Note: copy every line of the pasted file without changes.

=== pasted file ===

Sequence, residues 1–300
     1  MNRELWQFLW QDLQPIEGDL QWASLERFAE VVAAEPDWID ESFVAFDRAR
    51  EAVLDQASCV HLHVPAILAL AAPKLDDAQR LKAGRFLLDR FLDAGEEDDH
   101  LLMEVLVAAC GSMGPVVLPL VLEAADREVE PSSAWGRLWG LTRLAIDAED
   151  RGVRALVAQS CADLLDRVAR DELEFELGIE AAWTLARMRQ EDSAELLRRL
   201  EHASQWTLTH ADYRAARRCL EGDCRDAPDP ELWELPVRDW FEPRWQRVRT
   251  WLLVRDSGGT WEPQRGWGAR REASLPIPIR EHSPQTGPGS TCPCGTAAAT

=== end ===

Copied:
Sequence, residues 1–300
     1  MNRELWQFLW QDLQPIEGDL QWASLERFAE VVAAEPDWID ESFVAFDRAR
    51  EAVLDQASCV HLHVPAILAL AAPKLDDAQR LKAGRFLLDR FLDAGEEDDH
   101  LLMEVLVAAC GSMGPVVLPL VLEAADREVE PSSAWGRLWG LTRLAIDAED
   151  RGVRALVAQS CADLLDRVAR DELEFELGIE AAWTLARMRQ EDSAELLRRL
   201  EHASQWTLTH ADYRAARRCL EGDCRDAPDP ELWELPVRDW FEPRWQRVRT
   251  WLLVRDSGGT WEPQRGWGAR REASLPIPIR EHSPQTGPGS TCPCGTAAAT